VCE General Mathematics Units 1 and 2 – Statistics

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6.1 Descriptive Statistics
6.2 Representing Data
6.3 Exploring data
6.4 Linear Modelling

Additional information


Investigating and comparing data distributions
Key knowledge
• types of data, including categorical (nominal or ordinal) or numerical (discrete and continuous)
• the concept of data distribution and its display using a statistical plot
• the five number summary
• mean x and standard deviation
Key skills
• construct and interpret graphical displays of data, describe the distributions of the variables involved and interpret in the context of the data
• calculate the values of appropriate summary statistics to represent the centre and spread of the distribution of a numerical variable and interpret in the context of the data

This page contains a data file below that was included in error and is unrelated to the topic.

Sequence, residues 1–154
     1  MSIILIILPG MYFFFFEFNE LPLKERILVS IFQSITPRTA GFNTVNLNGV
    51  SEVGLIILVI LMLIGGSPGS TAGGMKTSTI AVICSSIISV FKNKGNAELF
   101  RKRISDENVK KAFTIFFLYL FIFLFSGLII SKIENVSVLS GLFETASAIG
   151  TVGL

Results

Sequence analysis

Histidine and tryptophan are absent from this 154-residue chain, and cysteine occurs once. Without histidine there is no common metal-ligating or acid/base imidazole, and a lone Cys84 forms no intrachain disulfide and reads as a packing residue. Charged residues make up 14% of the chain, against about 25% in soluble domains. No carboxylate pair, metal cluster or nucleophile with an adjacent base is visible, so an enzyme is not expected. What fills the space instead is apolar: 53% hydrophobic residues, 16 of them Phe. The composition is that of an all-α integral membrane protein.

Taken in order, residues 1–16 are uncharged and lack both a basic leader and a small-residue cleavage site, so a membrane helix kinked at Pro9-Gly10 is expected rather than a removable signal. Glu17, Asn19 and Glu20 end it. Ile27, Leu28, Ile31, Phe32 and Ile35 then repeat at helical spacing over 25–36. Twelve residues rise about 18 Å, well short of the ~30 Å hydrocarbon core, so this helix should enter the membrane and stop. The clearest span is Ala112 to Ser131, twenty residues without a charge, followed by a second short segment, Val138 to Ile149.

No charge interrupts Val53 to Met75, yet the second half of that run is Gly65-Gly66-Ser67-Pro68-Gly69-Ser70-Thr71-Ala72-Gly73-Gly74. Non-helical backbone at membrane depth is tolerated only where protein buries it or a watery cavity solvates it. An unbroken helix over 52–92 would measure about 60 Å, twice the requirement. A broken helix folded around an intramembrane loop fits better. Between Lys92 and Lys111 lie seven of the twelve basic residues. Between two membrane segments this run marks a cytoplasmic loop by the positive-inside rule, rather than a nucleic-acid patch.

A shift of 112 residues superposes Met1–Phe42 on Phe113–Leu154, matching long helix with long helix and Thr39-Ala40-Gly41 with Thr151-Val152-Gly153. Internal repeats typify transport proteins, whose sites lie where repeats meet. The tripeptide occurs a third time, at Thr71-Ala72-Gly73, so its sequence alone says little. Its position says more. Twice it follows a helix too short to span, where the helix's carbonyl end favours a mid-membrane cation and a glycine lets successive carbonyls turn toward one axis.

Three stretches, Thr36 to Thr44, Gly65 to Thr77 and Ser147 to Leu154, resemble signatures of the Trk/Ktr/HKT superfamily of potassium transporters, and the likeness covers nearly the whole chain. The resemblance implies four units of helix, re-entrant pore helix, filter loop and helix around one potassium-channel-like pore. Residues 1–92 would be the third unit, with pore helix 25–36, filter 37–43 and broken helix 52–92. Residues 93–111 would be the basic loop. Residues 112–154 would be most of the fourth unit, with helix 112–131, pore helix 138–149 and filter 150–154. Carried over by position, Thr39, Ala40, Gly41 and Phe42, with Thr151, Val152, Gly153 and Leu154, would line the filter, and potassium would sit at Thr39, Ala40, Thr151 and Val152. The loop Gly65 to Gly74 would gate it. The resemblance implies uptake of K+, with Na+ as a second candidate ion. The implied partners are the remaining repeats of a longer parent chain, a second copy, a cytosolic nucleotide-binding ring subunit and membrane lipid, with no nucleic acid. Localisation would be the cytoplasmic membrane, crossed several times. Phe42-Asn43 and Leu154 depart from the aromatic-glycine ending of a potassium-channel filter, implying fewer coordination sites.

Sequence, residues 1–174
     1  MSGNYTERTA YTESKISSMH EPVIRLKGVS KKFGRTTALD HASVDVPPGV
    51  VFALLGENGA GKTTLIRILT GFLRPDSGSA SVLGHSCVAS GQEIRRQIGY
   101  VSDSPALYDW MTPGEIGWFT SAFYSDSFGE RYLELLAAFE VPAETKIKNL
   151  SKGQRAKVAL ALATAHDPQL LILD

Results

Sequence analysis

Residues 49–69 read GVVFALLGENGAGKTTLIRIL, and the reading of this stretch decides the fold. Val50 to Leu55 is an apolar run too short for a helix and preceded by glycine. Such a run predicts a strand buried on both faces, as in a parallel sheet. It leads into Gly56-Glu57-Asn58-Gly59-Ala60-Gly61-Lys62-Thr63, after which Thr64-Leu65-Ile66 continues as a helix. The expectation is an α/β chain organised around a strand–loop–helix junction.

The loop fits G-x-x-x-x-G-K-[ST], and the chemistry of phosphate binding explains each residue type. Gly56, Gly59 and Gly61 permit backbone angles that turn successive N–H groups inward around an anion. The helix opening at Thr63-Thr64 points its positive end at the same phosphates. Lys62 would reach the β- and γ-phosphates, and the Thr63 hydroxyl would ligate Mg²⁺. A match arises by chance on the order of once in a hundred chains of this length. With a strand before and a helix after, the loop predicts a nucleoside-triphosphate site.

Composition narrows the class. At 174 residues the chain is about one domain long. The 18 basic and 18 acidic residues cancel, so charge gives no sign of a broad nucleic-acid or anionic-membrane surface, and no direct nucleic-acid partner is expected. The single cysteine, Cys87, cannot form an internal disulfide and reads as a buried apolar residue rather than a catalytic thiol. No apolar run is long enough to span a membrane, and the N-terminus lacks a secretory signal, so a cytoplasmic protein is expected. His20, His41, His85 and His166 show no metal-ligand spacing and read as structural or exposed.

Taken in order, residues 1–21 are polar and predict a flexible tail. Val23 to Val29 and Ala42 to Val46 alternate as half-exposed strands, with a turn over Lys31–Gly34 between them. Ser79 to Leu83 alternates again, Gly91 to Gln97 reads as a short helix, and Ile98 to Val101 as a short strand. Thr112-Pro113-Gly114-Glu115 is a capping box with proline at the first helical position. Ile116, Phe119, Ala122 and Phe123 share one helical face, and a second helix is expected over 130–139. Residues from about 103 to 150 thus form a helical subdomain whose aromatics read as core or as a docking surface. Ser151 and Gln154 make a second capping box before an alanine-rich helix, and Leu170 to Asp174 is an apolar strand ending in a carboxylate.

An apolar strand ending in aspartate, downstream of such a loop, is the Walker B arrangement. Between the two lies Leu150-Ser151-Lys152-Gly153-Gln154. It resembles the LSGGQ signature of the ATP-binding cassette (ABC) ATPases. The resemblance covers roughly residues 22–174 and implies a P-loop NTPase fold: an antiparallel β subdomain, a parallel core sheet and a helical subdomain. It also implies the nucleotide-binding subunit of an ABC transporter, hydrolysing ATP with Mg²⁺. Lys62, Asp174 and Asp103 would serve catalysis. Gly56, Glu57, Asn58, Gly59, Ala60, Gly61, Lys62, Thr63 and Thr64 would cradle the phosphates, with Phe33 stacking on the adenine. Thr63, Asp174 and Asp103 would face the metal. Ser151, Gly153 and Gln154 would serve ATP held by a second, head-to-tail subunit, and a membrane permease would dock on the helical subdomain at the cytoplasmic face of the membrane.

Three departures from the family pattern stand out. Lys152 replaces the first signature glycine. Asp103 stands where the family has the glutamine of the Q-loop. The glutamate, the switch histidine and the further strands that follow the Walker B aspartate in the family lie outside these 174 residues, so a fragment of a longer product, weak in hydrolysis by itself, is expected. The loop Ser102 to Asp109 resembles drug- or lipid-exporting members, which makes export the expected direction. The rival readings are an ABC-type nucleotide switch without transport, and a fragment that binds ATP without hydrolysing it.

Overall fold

• construct and use parallel boxplots or back-to-back stem plots (as appropriate) to compare the distribution of a numerical variable across two or more groups in terms of centre (median), spread (IQR and range) and outliers, interpreting any observed differences in the context of the data.

Investigating relationships between two numerical variables
Key knowledge
• the response and explanatory variables and their role in modelling associations between two numerical variables
• scatterplots and their use in identifying and describing the association between two numerical variables
• the correlation coefficient r as a measure of the strength of a linear association, and the concepts of correlation and causation
• the equation of a fitted line.
Key skills
• use a scatterplot to describe an observed association between two numerical variables in terms of direction, strength and form
• estimate the value of the correlation coefficient r from a scatterplot and calculate its value from the data using technology
• identify the explanatory variable and use the equation of the least squares line fitted to the data to model an observed linear association
• calculate the intercept and slope correct to a specified number of decimal places or significant figures, and interpret the slope and intercept of the model in the context of data
• use the model to make predictions, being aware of the limitations of extrapolation.

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